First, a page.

US20070085659A1 (en) * 2005-10-14 2007-04-19 Siemens Vdo Automotive Corporation Sensor system with activation alert
EP1975897A3 (en) * 2007-03-28 2010-01-13 Denso Corporation Vehicle control device and data rewriting system
ES2384141A1 (en) * 2008-09-30 2012-07-02 Honda Motor Co. Ltd. Locking device trunk of vehicle.
JP2014182699A (en) * 2013-03-21 2014-09-29 Nippon Telegr & Teleph Corp <Ntt> Wireless tag system and a wireless communication method
CN104077823B (en) * 2013-03-28 2017-11-28 现代自动车株式会社 A manual system and method for opening a trunk-free
EP2784754A1 (en) * 2013-03-28 2014-10-01 Hyundai Motor Company Hands-free system and method for opening trunk
CN104077823A (en) * 2013-03-28 2014-10-01 现代自动车株式会社 Hands-free system and method for opening trunk
JP2015100155A (en) * 2013-11-18 2015-05-28 矢崎総業株式会社 Power supply device
CN104110180A (en) * 2014-06-30 2014-10-22 联合汽车电子有限公司 Non-mechanical vehicle trunk opening system and method adopting non-electric remote key
CN104110180B (en) * 2014-06-30 2017-03-29 联合汽车电子有限公司 By electroless fob non-mechanical system and method for a vehicle trunk opening

Also Published As

Publication number Publication date Type
JPS61196080A (en) 1986-08-30 application

Similar Documents

Publication Publication Date Title
US3196440A (en) Radio control system for operating a distant electromechanical transducer door lock utilizing a capacity-sensitive circuit at the distant location and an operator-carried transceiver
US5838234A (en) Method and device for sensing, identifying and protecting goods, particularly from theft
US5699055A (en) Trainable transceiver and method for learning an activation signal that remotely actuates a device
US4818855A (en) Identification system
US5808587A (en) Wireless access control system using a proximity member and antenna equipment therefor
US5699054A (en) Trainable transceiver including a dynamically tunable antenna
US5661804A (en) Trainable transceiver capable of learning variable codes
US5442341A (en) Remote control security system
US6127922A (en) Vehicle security system with remote systems control
US4600829A (en) Electronic proximity identification and recognition system with isolated two-way coupling
US5049867A (en) Vehicle security apparatus
US6538558B2 (en) Communication system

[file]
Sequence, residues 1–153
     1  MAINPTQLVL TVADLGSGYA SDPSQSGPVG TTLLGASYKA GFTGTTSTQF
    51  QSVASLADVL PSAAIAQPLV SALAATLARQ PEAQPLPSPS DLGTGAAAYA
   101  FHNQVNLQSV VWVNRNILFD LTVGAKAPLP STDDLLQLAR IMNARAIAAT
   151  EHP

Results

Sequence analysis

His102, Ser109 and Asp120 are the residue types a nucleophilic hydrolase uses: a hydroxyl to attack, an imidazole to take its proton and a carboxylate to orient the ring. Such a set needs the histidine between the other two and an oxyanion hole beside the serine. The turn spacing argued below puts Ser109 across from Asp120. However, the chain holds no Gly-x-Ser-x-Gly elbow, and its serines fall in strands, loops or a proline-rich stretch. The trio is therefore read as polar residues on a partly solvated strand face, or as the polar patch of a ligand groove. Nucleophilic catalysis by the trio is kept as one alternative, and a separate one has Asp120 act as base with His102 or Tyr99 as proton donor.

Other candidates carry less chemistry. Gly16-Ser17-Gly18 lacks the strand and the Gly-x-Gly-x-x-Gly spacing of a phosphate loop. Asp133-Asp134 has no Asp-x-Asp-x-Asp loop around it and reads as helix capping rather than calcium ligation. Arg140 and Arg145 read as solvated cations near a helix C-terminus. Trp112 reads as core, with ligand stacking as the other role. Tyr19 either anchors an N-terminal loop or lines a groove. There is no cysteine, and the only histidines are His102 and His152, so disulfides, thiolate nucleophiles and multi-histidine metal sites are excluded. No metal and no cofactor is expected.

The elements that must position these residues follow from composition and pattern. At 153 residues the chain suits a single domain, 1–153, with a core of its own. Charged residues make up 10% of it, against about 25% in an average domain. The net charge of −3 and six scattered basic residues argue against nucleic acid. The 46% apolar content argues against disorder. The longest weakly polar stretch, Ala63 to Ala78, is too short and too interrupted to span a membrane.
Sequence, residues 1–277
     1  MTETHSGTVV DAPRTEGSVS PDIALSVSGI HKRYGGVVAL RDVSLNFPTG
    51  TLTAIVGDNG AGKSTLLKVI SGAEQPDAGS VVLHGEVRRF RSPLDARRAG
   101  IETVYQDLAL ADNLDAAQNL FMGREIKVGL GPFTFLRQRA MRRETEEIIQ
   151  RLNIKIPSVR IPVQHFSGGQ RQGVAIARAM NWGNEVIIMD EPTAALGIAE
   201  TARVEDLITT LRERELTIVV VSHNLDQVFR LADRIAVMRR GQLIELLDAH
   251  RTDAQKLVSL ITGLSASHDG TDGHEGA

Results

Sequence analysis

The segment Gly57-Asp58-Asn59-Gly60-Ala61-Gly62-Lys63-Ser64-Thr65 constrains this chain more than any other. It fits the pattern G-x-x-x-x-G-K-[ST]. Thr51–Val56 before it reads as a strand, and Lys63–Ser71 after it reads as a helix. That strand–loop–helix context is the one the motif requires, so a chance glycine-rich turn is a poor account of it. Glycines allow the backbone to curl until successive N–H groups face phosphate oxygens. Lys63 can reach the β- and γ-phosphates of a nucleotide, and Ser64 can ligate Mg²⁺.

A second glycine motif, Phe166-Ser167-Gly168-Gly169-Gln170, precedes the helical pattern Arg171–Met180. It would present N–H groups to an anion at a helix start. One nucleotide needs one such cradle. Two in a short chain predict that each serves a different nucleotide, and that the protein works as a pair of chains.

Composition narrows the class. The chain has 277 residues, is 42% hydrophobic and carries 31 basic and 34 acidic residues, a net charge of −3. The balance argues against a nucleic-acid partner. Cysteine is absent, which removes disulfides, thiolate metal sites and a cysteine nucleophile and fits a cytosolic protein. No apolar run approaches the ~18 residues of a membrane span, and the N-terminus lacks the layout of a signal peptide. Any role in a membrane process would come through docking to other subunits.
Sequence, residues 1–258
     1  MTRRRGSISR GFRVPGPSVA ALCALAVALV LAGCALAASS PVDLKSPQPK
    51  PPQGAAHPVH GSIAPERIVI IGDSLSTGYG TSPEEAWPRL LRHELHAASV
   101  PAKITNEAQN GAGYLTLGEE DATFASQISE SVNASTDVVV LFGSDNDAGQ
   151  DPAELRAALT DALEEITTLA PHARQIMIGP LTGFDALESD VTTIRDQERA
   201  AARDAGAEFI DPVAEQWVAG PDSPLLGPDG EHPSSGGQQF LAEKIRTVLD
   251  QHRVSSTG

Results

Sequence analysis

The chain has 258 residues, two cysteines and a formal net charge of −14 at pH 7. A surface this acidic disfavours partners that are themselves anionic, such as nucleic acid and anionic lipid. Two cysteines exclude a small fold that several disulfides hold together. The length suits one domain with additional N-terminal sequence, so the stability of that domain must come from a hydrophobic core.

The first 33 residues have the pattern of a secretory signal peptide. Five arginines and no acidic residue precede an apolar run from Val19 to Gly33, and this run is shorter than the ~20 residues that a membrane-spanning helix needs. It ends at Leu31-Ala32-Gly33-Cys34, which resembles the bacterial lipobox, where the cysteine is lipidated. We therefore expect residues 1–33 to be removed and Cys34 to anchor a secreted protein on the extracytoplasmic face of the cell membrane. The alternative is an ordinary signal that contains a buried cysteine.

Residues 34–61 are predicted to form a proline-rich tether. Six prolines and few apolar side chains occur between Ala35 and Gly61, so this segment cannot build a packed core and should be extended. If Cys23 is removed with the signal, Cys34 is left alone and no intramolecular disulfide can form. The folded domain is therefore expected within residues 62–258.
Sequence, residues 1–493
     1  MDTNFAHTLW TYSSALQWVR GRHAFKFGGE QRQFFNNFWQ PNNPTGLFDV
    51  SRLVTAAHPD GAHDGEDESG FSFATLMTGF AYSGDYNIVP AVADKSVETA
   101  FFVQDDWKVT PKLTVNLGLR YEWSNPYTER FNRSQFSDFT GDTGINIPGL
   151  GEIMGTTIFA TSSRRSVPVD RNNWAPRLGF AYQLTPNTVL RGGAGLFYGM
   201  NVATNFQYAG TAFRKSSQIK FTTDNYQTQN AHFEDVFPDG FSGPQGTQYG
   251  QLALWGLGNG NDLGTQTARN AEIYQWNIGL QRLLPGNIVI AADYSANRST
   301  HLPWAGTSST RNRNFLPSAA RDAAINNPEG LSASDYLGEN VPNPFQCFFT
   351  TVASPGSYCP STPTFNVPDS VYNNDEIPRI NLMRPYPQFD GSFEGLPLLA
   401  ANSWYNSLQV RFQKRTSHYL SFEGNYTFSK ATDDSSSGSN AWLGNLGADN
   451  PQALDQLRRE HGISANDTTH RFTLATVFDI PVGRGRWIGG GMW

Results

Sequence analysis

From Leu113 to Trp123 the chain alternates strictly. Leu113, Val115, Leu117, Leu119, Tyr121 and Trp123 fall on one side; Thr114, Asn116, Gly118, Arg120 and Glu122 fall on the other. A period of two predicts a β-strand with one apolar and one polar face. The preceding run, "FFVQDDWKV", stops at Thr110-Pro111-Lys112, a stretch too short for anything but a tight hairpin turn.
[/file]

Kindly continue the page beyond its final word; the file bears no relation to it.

US6034617A (en) Operator intent based passive keyless vehicle control system
US4652860A (en) Security installation
US6714119B1 (en) Keyless access control device for motor vehicles and method for carrying out a keyless access authorization control in motor vehicles
US6359348B1 (en) Semi-passive keyless entry method and device
US6480117B1 (en) Vehicle control system including token verification and code reset features for electrically connected token
US5767588A (en) Wireless vehicle control system
US6570486B1 (en) Passive remote access control system
US6181254B1 (en) Remote keyless entry system having passive transmission mode
US5705991A (en) Access control device featuring key ordering or key simultaneity
US6414586B1 (en) Keyless entry system
US6084317A (en) Keyless access control system with wireless, induction-powered keypad module and methods
US6188326B1 (en) Vehicle control system including token verification and code reset features
US5886421A (en) Vehicle start-up permission device and identification code registering method

Legal Events

Date Code Title Description
AS Assignment

Owner name: NISSAN MOTOR COMPANY, LIMITED, 2, TAKARA-CHO, KANA

Free format text: ASSIGNMENT OF ASSIGNORS INTEREST.;ASSIGNORS:HIRANO, MOTOKI;TAKEUCHI, MIKIO;NAKANO, KINICHIRO;REEL/FRAME:004546/0574

Effective date: 19860313

Owner name: NISSAN MOTOR COMPANY, LIMITED, JAPAN

Free format text: ASSIGNMENT OF ASSIGNORS INTEREST;ASSIGNORS:HIRANO, MOTOKI;TAKEUCHI, MIKIO;NAKANO, KINICHIRO;REEL/FRAME:004546/0574

Effective date: 19860313

REMI Maintenance fee reminder mailed
LAPS Lapse for failure to pay maintenance fees
FP Expired due to failure to pay maintenance fee

Effective date: 19941130